Lola Demure, burlesque, panel skirt, costume design, headdress, showgirl, showgirl headdress, whiskey and fuego

Panel Skirt Workshop

January 7th at 12:30 PM

Glittertribe Studios
3052 Clairemont Dr, Ste 9
San Diego, California 92117

Panel skirts are a constant favorite in burlesque. Their feminine draping adds an element of tease with just their silhouette onstage. In this workshop Eva Mae Garnet will go over the basics of panel skirt construction. From various technique like adjusting patterns for use, to quick tricks from the legends, come learn how to add this burlesque costume staple to your showgirl closet.
Eva Mae Garnet is a performer, producer, and costumer from San Diego. Making all her own costumes and studying under a handful designers and pattern makers, she has earned notoriety for her custom corsets, headdresses, and panel skirts. Be sure to check out her work at evamaegarnet.com.

For this class, please bring a notebook, pen, fabric shears, pins, and a measuring tape if you will be working on your skirts in this workshop.

Cost: $20
Please reserve your spot online:
https://clients.mindbodyonline.com/classic/ws?studioid=291245&stype=-7&sTG=24&sVT=11&sView=day&sLoc=0&sTrn=20&date=01%2F07%2F17

Feisty Thoughts: Showgirl Mama

Some of you may already know this, but beyond being a performer, a producer, and a traveling showgirl, I am also a mother to a very feisty little girl who will be three this April. From the moment that I found out I was pregnant with my daughter, literally the next day, I was onstage and determined to not let this pregnancy trample my dreams of being a traveling burlesque performer. I worked diligently throughout my pregnancy, altering costumes and acts, to better support my growing belly and growing ambition. I performed up until a month before she was born. When she was only two months old, I traveled with her across the country for my first burlesque competition in Charleston, South Carolina.

As she got older, I continued to travel and perform whenever I was given the opportunity. She came with me to Charlotte when she was young and still breast-feeding. Later I went to Seattle, Texas, Toronto, New York, London, and so many other places on my own. Sometimes I would opt for a quick trip, landing the day of the show and leaving directly after the conclusion of the event, which could be either a night or a weekend. Sometimes my husband would care for her like when I took off for nine days to go to New Orleans and Albuquerque. But one thing was for sure, the older she became, the more difficult it was to leave her.

Every trip I cry. Not just a few tears streaming down my face, I mean ugly cry. I text my girlfriend, Sassy Stiletto, to remind myself why I do what I do, and if I am making the right decision as a parent. Each time I read her response through my tears telling me that if I don’t take care of myself, of my own dreams and aspirations, then I will have nothing to give my daughter. And although that makes me feel better, as I tuck her into bed, or kiss her goodbye at the airport repeating the one phrase that I have told her since she was an infant in my arms, “Mommy always comes back to you,” it doesn’t make it any easier. But still, I get on that plane, and I give the audience every ounce of me that I possibly have to give.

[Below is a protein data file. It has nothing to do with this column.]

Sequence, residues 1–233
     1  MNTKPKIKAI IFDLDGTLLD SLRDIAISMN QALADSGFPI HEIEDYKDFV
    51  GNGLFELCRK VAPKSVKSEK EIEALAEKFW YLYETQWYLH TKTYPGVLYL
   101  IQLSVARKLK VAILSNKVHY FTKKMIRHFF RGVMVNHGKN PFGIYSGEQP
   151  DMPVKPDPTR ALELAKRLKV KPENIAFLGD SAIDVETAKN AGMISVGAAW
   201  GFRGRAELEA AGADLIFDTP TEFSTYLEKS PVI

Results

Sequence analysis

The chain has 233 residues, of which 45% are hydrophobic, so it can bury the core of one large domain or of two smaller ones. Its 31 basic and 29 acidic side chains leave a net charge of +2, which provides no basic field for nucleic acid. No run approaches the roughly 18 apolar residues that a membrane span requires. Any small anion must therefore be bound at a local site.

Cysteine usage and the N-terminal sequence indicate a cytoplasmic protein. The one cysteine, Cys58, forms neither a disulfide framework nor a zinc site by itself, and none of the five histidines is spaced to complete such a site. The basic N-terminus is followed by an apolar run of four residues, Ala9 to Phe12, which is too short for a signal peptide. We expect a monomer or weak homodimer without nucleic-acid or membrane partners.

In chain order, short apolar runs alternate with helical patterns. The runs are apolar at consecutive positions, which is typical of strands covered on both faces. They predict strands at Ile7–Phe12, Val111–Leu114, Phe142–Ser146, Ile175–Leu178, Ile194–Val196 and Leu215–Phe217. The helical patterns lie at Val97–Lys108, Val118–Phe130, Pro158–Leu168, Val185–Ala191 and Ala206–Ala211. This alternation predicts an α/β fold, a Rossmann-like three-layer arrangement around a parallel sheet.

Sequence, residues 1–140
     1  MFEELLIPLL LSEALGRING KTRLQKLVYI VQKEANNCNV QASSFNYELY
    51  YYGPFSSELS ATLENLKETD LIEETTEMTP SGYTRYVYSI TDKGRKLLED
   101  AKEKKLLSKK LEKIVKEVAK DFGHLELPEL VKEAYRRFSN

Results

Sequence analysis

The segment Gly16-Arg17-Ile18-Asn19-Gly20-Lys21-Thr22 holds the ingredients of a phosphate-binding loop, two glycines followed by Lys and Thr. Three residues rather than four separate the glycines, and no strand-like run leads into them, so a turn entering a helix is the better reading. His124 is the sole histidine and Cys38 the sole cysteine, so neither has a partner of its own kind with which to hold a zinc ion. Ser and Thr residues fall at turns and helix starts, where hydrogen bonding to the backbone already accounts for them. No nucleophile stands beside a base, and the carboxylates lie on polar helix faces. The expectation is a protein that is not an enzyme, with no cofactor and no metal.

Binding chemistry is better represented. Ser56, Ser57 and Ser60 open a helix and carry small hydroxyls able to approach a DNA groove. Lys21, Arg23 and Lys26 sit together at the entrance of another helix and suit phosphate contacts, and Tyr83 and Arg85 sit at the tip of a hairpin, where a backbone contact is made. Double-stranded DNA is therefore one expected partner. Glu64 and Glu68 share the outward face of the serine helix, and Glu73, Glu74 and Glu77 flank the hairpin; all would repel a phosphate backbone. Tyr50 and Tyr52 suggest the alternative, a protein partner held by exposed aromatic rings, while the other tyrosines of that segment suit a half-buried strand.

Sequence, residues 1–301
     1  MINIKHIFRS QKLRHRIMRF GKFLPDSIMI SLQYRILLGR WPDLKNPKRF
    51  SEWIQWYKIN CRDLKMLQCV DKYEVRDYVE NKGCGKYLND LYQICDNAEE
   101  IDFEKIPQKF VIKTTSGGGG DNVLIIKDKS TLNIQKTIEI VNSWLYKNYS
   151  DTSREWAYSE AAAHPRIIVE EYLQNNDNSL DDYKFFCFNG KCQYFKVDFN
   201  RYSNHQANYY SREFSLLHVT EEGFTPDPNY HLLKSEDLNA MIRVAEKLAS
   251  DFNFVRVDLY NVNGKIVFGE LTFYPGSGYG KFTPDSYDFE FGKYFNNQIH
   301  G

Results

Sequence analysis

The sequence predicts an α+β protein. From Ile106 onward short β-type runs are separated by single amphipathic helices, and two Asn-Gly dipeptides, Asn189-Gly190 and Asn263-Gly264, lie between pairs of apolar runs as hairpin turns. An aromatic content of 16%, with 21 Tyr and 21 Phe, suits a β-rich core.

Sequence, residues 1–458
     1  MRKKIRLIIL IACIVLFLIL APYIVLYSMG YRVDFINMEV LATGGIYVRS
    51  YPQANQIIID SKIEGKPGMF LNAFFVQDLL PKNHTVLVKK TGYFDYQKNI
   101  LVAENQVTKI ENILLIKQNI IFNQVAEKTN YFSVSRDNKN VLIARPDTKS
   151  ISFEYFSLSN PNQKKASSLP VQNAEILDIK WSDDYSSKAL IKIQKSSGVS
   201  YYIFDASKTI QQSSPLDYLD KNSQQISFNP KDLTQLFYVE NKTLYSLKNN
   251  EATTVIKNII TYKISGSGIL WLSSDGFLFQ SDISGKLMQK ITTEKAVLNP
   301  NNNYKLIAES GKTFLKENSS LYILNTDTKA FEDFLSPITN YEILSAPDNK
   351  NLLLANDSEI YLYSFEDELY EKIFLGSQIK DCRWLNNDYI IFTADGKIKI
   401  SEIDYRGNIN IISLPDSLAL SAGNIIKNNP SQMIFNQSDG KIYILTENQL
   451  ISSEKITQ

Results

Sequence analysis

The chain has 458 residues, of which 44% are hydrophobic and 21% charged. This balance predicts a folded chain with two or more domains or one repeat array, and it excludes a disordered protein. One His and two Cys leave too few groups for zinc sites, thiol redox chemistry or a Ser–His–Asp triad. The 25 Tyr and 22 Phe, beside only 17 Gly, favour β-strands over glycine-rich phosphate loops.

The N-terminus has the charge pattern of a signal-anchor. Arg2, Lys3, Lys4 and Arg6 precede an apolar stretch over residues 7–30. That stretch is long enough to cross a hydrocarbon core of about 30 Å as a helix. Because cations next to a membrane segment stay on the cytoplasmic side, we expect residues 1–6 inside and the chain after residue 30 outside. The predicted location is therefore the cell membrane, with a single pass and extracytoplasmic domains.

Once I get to my destination it’s usually easier. I see my friends who I don’t always see and performances that inspire me to continue bettering my craft, but every now and then you just have to have a moment to yourself. I remember when I was competing in London, about an hour before I was supposed to hit the stage with my stage make-up in tact and nervous energy flowing rampantly, I heard this family from the other table call to their little girl, about three years older than my daughter, “Brody”. Now Brody is not a very common name for little girls, and I had yet to meet another one until this moment, but I looked to the family and clarified whether or not their daughter’s name was Brody. Of course when they responded yes, I sat there, attempting to continue a polite conversation while fighting back tears. Finally, as my voice started to crack and I could no longer hid the tears running down my face as I was forcing myself to smile, I excused myself directly to the bathroom where I broke down in a crying hysteria all the while trying to save most of my stage make-up.

At the moment, I have cut back my travel significantly. This decision wasn’t made directly because of my daughter, other goals and aspirations definitely weighed in, but at this very, very, very, VERY difficult stage (yes moms to older children, I know it only gets worse – I mean new “challenges” later on present themselves) I thought it would be best to spend more time with her until we get past this phase. But if you do find yourself traveling with little ones, I have a few tips to help you survive.